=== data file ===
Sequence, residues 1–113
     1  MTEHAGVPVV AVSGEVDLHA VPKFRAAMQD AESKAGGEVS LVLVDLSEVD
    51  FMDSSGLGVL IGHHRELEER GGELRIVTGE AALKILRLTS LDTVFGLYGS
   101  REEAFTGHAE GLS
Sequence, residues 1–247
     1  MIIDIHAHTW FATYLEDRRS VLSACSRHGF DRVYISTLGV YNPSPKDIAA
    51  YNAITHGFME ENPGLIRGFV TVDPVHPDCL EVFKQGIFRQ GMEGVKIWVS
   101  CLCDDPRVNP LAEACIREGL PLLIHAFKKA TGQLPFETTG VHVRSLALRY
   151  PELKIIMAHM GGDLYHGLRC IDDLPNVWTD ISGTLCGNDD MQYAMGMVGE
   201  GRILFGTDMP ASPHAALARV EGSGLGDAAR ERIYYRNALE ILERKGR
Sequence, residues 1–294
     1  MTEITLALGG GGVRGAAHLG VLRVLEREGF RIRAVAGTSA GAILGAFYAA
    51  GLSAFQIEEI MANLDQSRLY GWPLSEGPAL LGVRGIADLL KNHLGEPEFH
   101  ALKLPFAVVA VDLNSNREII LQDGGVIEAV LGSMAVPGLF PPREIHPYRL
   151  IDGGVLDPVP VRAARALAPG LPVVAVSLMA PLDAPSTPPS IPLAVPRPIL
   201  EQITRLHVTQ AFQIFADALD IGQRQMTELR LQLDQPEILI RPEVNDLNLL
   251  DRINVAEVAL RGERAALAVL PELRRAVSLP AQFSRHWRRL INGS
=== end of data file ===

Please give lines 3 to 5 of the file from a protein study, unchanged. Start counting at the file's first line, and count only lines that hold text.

    51  FMDSSGLGVL IGHHRELEER GGELRIVTGE AALKILRLTS LDTVFGLYGS
   101  REEAFTGHAE GLS
Sequence, residues 1–247